Texaco in Maryland

December 10, 1990

It is difficult, perhaps even intellectually incompatible, for the state of Maryland to advocate -- as it did -- a stringent agreement with neighboring states to protect the Chesapeake Bay and then to give Texaco the OK to drill a mile and half from the Potomac River. But this, unfortunately, is not that simple a matter.

First, Texaco is proposing merely a test well to determine whether there is a substantial enough supply of either gas or oil for the company to run a full-blown drilling operation. Moreover, Texaco says that if it finds anything, the likelihood is it will be gas -- which has a far less ominous environmental and psychological implications than oil.

While all this is true, there is no assurance Texaco won't find oil, or that it won't expand the operation if it does. And even though gas does not spill or leave birds covered with oily slime, it is folly to think the construction of drilling rigs and roads to service the industry would have no impact on the bay.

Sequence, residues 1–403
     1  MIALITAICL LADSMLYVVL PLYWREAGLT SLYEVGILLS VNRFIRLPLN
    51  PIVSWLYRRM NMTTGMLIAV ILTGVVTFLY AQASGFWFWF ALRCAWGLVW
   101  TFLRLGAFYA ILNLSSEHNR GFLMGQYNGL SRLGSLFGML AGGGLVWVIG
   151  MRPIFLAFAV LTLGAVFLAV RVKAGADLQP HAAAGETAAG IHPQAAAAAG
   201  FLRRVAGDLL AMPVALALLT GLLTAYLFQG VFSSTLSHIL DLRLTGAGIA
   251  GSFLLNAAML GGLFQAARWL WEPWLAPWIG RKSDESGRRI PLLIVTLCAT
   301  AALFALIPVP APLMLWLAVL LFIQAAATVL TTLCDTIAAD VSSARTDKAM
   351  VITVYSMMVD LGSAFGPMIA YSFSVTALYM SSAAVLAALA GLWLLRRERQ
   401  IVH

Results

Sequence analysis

Texaco has been careful to lay out a stringent plan for protecting the environment during its test drilling and has put up its track record in Virginia, where it undertook similar exploratory drilling, as collateral. But what if there really is a big find and Texaco goes into major production? There is no legal requirement to use the costly non-toxic chemicals it proposes for the test well.

All this must be balanced, of course, against the most compelling issue: economic gain, which in itself is an untenable argument. Drilling jobs, for instance, likely wouldn't go to untrained Marylanders but rather to experienced crews from out of state. And the revenue benefits, weighed against the need to provide infrastructure to sustain the operation, are anyone's guess.

Texaco may indeed have a workable proposal that could benefit Maryland. But neither the state nor Charles County, where the test drilling is proposed, should blindly embrace the plan on promises alone. Approval of the zoning and permit changes required to get this thing going ought to be slow and cautious, weighing the potential risks to the bay against possible economic gains -- recognizing, foremost, that we've accomplished a great deal in this regard and that any activity which undermines that cannot, justifiably, be sanctioned.

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